16. The apparatus of claim 1 wherein the tube has a form that allows the tube, the power supply, and the switch to be inserted as a unit at least in part into a barrel of the weapon for mechanical coupling of the mechanism and the switch.

17. The apparatus of claim 1 wherein the tube has a form that allows the tube, the power supply, and the switch to be inserted as a unit at least in part into a barrel, otherwise for launching grenades from the weapon, and allows for mechanicalcoupling of the mechanism and the switch.

18. An electronic weapon comprising: the apparatus of claim 1; and the weapon combined with the apparatus.
Description: FIELD OF THE INVENTION

Embodiments of the present invention relate to systems and methods having a power supply in place of a round of ammunition.

BACKGROUND OF THE INVENTION

Conventional rifles may be used to deliver an electrical discharge device. Typically, the device comprises probes and a power supply that is propelled toward the target in a manner similar in some ways to propelling a bullet. The power supplycannot be reused for further launching of probes toward the target. In another conventional arrangement, an electrical discharge launching device is attached to a conventional rifle. Independent operating procedures are used with each weapon. Riflesemployed by today's military frequently have mounted to them a secondary lethal force weapon, for example, a grenade launcher. Such secondary lethal force weapons make it difficult to attach a non-lethal force weapon to the soldier's rifle.

Today's military and police encounter situations where application of both lethal and non-lethal force is desirable. For example, in many of today's "hot-spots" around the world, military units perform crowd control duties involving a crowd thatis initially relatively peaceful but then degenerates into a violent and dangerous mob. In such situations, a soldier may need a way to subdue violent elements in the crowd using non-lethal force while retaining a means for applying lethal force inorder to further protect himself if the crowd becomes violent and dangerous. In these situations, soldiers typically hold one weapon at a time, the weapon of choice being some sort of lethal force weapon such as a rifle. When confronted with asituation where non-lethal force may be more appropriate, the soldier may not have a non-lethal weapon ready.

Consequently, there is a need to provide non-lethal force weapons simultaneously with lethal force weapons and integrate operation for ready access by a policeman or soldier.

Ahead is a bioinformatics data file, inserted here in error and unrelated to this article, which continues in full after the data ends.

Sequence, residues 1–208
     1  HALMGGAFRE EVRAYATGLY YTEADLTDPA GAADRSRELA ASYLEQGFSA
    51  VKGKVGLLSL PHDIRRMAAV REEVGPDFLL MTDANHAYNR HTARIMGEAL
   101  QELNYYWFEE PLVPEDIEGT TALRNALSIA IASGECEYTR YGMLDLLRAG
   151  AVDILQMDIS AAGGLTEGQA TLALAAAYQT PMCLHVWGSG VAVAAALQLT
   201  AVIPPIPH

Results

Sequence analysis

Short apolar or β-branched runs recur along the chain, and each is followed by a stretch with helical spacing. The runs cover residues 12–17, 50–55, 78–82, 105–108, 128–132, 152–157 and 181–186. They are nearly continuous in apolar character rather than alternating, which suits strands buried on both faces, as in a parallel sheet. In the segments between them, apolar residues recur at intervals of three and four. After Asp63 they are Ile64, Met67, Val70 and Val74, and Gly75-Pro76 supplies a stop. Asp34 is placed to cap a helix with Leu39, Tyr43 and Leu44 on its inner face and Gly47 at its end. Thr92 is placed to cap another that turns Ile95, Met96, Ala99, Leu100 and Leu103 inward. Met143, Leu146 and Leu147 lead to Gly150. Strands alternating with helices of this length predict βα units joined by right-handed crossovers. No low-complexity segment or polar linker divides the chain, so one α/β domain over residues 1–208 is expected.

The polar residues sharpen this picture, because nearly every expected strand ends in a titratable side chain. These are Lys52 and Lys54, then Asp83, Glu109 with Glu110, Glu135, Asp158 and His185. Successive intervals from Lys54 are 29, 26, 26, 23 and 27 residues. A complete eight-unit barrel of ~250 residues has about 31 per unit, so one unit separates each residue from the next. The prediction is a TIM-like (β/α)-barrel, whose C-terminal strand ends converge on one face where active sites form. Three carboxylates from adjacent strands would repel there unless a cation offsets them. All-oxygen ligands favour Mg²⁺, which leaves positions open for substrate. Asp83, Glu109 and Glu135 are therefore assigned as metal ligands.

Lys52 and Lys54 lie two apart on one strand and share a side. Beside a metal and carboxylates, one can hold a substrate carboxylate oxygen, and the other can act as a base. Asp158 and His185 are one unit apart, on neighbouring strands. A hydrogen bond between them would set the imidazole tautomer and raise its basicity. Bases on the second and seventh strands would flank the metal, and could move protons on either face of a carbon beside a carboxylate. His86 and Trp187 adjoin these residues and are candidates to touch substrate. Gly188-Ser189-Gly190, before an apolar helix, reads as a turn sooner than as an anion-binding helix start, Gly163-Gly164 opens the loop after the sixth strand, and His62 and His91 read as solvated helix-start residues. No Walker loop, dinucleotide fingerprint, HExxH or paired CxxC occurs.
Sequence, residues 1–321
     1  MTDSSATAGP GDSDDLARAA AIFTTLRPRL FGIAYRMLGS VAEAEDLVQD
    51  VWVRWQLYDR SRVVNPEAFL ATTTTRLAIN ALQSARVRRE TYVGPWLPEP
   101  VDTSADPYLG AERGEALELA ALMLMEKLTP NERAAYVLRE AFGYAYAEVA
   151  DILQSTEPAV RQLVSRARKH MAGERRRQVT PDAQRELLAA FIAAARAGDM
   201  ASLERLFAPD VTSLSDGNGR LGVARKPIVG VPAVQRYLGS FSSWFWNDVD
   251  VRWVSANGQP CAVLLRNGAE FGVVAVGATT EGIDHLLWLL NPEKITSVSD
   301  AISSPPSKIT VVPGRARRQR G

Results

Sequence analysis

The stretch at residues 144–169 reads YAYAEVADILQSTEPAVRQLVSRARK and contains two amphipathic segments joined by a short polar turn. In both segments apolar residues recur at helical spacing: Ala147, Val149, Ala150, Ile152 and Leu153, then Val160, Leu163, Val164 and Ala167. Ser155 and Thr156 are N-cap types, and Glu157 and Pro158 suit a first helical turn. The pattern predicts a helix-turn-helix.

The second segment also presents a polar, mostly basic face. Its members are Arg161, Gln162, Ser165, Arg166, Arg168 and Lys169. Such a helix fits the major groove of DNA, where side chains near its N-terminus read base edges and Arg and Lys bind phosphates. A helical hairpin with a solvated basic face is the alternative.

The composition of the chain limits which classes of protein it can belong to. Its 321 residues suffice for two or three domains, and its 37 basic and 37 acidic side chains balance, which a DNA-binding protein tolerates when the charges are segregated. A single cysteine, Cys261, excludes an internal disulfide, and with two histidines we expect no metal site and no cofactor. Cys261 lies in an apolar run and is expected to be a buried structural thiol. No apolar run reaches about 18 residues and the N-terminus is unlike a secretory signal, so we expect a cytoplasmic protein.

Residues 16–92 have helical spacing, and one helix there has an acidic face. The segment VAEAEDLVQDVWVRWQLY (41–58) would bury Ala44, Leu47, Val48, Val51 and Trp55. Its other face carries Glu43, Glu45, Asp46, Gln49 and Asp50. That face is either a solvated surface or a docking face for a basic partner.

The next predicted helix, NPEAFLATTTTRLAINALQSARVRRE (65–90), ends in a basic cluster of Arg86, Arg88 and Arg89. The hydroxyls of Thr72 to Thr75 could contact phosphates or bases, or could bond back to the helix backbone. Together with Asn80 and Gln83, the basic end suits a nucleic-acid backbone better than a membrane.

SUMMARY OF THE INVENTION

An apparatus, according to various aspects of the present invention, may be installed in place of a round of percussion primed ammunition in a weapon. The weapon has a mechanism that activates percussion primed ammunition. The apparatusincludes a power supply and a switch. The switch is responsive to the mechanism to enable the power supply to supply power. In another implementation, power is supplied to a replaceable cartridge. In response to the power supply, the cartridgedelivers an incapacitating electrical charge to a target.

A multi-weapon system, according to various aspects of the present invention, includes a first weapon, a second weapon attached to the first weapon, and an apparatus for use in place of a round of percussion primed ammunition. The second weaponincludes a mechanism for activating percussion primed ammunition. The apparatus includes a power supply and a switch. The switch is responsive to the mechanism to enable the power supply to supply power.

BRIEF DESCRIPTION OF THE DRAWING

Embodiments of the present invention will now be further described with reference to the drawing, wherein like designations denote like elements, and:

FIG. 1 is a functional block diagram of a multi-function weapon system according to various aspects of the present invention;

FIGS. 2A-2C are functional block diagrams of electrical discharge weapons, according to various aspects of the present invention, that may be used in place of the non-lethal weapon of FIG. 1;

FIG. 3 is a side view of an exemplary multi-function weapon system of the type described in FIGS. 1-2C; the weapon having a grenade launcher being in the closed position, an insert installed in the grenade launcher, and a cartridge installed onthe reusable portion;

FIG. 4 is a side view of the multi-function weapon system of FIG. 3, the grenade launcher being in the open position;

FIG. 5 is a side view of an exemplary insert with cartridge for use in the grenade launcher of the weapon of FIG. 3;

FIG. 6 is a rear view of the reusable portion of FIG. 5;

FIG. 7 is a cross section view of a portion of the reusable portion of FIG. 5; and

FIG. 8 is a perspective view of the cartridge of FIG. 3 shown after activation of the propulsion system.

DETAILED DESCRIPTION OF THE PREFERRED EMBODIMENTS